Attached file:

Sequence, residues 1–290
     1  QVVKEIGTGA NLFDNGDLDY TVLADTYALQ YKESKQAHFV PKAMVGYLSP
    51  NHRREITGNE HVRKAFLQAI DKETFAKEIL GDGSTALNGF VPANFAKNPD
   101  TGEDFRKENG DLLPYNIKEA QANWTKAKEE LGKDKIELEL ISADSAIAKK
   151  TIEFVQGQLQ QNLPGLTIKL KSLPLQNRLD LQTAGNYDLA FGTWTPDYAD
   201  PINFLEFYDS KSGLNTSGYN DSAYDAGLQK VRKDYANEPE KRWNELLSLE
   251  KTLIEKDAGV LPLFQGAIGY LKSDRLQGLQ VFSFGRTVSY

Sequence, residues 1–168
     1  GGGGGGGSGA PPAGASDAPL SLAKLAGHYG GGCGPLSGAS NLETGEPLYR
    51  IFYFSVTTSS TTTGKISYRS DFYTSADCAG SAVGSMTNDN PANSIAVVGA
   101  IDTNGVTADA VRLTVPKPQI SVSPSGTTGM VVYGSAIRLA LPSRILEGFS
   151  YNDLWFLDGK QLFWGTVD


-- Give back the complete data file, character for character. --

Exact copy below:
Sequence, residues 1–290
     1  QVVKEIGTGA NLFDNGDLDY TVLADTYALQ YKESKQAHFV PKAMVGYLSP
    51  NHRREITGNE HVRKAFLQAI DKETFAKEIL GDGSTALNGF VPANFAKNPD
   101  TGEDFRKENG DLLPYNIKEA QANWTKAKEE LGKDKIELEL ISADSAIAKK
   151  TIEFVQGQLQ QNLPGLTIKL KSLPLQNRLD LQTAGNYDLA FGTWTPDYAD
   201  PINFLEFYDS KSGLNTSGYN DSAYDAGLQK VRKDYANEPE KRWNELLSLE
   251  KTLIEKDAGV LPLFQGAIGY LKSDRLQGLQ VFSFGRTVSY

Sequence, residues 1–168
     1  GGGGGGGSGA PPAGASDAPL SLAKLAGHYG GGCGPLSGAS NLETGEPLYR
    51  IFYFSVTTSS TTTGKISYRS DFYTSADCAG SAVGSMTNDN PANSIAVVGA
   101  IDTNGVTADA VRLTVPKPQI SVSPSGTTGM VVYGSAIRLA LPSRILEGFS
   151  YNDLWFLDGK QLFWGTVD